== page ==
Thomas has X factor – there’s no doubt about it. What makes him such a tantalising prospect and why he can ascend into superstardom is that he does everything. All the things we listed above are prerequisites to becoming a star in the AFL. Having composure to make good decisions, elite field kicking, finishing ability, and positional versatility is an impressive base to work with.

Thomas spent his first two years playing predominantly as a forward. It’s helped him get a clear understanding of when to time his leads or when to use his frame to protect the safe space in a marking contest. He has great hands to go with his troubling height for defenders.

Thomas seems like a player with a quiet arrogance in his own abilities – unafraid of big moments in games and willing to take a chance on himself to make a game-changing decision. These are the type of players that win you a final. We won’t see Thomas there any time soon but the potential for his X-factor to be on display in a finals atmosphere is palpable.


Thomas has come a long way defensively. He’s made strides as a midfielder with defensive capabilities assisted by his improved fitness. Thomas is the number one pressure act player at North Melbourne averaging 19.3 a game. To go with that, he has a great tackling technique – often pinning his opponent's arm and ensuring a secondary ball up or a holding the ball decision. He genuinely takes pride in the defensive aspect of the game.

This is encouraging for a developing young player already so damaging offensively. Thomas will have games where he struggles to find the ball. Instilling good defensive habits early ensures he can still impact games without needing 20+ disposals.


Having a bit of mongrel isn’t a necessity to becoming a superstar. Yet, finals are played at a heightened physicality. For how classy he is, Thomas isn’t a soft player. It helps to have a rugby background. He enjoys physicality. This is crucial to his mentality and consistency as a player given that Thomas is a lock to receive opposition attention in the future. Tags will come and his aggressiveness to fight through will matter. As discussed, his versatility as a forward can help him shake tags that other midfielders have to play through.


So what’s next for this budding superstar? For one – finding his best position. This one isn’t too hard. Thomas is too damaging of a midfielder to ever revert back to a full-time forward role but his presence in the forward line gives North different avenues to goal. A split of 70/30 similar to Petracca is a good mix and one that Thomas should aspire towards.

This gets to the next RFI – Thomas simply needs to spend more time on the ground. 74% ToG this year isn’t enough for a player who has the opportunity to rest forward. That number needs to be in the mid to high 80’s. If that low ToG is because he is spending more time in the midfield – he needs to get fitter. This should transpire in Thomas finding more of the ball – something he also needs to do more consistently in the midfield.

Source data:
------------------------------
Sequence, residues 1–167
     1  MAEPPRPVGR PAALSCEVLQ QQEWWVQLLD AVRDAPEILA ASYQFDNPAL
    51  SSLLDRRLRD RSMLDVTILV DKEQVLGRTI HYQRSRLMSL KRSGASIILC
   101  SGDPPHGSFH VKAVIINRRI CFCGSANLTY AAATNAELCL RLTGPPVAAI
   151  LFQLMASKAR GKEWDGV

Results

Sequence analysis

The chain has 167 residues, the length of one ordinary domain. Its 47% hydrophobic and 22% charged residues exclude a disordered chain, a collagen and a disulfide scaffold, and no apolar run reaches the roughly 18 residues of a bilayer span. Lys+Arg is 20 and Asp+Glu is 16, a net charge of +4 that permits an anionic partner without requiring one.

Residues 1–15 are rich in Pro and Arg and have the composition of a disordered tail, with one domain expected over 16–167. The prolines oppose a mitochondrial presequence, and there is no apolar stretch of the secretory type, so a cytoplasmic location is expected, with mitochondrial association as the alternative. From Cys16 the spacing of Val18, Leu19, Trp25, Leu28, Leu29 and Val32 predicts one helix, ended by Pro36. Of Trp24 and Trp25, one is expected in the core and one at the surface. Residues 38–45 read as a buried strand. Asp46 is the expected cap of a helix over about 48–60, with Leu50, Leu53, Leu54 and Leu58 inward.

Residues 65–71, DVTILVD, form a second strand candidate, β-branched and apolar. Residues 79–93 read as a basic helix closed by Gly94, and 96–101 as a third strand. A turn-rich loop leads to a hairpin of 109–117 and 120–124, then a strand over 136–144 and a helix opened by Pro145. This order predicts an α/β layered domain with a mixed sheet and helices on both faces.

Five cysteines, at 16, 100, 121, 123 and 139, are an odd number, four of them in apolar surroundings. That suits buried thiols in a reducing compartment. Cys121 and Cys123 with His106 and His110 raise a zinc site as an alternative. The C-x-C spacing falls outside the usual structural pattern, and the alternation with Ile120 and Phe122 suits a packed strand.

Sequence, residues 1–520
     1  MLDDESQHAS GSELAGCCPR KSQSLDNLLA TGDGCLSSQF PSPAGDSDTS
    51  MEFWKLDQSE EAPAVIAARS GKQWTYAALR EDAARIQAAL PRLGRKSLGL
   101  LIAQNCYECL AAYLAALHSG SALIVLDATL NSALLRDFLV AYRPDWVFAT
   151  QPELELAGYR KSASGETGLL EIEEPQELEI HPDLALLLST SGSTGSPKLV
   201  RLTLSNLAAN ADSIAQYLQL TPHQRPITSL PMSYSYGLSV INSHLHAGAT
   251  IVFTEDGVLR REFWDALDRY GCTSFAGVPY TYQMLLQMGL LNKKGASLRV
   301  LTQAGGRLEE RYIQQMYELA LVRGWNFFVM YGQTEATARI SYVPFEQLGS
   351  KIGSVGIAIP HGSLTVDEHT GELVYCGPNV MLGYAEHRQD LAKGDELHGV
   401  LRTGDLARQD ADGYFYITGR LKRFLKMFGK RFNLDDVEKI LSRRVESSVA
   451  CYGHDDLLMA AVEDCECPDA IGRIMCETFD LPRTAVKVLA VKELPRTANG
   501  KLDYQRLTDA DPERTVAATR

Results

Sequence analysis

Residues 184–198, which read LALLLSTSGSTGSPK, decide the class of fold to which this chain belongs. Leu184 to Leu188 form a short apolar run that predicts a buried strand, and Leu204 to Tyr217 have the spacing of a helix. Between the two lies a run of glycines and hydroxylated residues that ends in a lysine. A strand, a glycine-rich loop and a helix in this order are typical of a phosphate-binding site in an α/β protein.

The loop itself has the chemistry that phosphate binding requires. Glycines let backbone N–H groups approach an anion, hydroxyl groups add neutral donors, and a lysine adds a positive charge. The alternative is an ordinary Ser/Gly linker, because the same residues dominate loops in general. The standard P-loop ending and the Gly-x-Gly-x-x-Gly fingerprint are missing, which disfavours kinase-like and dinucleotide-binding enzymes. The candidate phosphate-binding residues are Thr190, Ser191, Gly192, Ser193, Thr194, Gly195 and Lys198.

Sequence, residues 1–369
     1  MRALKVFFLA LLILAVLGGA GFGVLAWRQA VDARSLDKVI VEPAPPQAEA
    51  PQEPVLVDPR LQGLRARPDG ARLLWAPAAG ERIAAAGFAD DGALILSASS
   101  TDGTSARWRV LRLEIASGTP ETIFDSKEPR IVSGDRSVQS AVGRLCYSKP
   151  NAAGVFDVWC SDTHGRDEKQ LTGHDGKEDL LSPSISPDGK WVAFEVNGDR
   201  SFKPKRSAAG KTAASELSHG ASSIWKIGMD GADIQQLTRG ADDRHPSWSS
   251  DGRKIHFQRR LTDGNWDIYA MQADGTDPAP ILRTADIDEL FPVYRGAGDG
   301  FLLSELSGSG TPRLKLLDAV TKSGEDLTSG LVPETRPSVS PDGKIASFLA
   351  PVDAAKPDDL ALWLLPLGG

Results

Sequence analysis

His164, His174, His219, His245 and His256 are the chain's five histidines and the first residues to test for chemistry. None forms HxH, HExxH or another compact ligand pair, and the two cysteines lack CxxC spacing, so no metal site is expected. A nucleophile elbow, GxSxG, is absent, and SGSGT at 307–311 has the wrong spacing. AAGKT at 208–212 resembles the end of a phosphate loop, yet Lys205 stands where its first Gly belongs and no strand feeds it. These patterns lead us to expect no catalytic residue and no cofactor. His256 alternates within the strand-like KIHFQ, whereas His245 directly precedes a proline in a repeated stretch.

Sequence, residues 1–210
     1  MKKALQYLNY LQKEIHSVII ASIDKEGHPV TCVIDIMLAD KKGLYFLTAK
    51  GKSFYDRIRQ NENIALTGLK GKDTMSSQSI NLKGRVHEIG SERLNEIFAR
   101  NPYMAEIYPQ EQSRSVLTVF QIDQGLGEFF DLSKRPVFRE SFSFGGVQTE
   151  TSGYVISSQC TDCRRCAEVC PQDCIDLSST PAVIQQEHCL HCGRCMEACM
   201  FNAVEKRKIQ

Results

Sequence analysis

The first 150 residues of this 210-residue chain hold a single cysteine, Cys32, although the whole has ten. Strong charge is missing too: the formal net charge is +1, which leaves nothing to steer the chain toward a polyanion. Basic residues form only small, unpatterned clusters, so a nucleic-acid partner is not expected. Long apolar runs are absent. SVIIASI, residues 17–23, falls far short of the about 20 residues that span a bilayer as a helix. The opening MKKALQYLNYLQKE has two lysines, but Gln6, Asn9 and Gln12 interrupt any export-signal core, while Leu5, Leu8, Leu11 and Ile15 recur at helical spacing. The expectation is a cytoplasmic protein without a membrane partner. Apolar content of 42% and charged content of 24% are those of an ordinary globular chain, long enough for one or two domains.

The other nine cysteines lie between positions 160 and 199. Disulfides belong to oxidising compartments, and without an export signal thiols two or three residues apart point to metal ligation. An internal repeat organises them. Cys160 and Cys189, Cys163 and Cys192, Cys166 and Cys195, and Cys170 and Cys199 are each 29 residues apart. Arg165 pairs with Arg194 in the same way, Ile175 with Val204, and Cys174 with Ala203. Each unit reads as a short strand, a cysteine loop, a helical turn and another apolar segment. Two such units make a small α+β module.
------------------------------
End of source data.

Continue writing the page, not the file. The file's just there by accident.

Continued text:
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Outside of that consistency, in general, is the big key. There’s no doubt Thomas is in a purple patch. He’s starting to shape our perception of what he could become in the next decade. But the purple patch will end and attention will come. How Thomas handles this will be key.

Why every North fan is so high on Thomas is that he already does the basics well. He is rated above average for a midfielder in almost every offensive metric (disposal efficiency, metres gained, contested possession rate, ground ball gets, inside 50’s, clearances, score involvements etc). Add to that, he has the versatility to impact games when one of his assets is taken away. He can play a forward heavy role to break a tag, his defensive game is sound and he wins enough contested football. Sam Walsh is the only other 21 year old ahead of Thomas (Yes – over Rozee, Smith, and Lukosius) yet even Walsh for all his brilliance may not have the upside of Thomas.

Players who are considered elite in the AFL uncover how to maximise their upside in games whilst dramatically decreasing their downside. Their volatility in performance decreases and the difference between their best and worst is minimal. It’s incredibly hard to be that consistent – there’s a reason why there are so few elite AFL players. But Thomas has the upside to get there which is a rarity in itself. If or when Thomas gets there is completely up to him. He has the opportunity to be the next biggest star in the AFL.

This article was originally published on Footy Talking Points.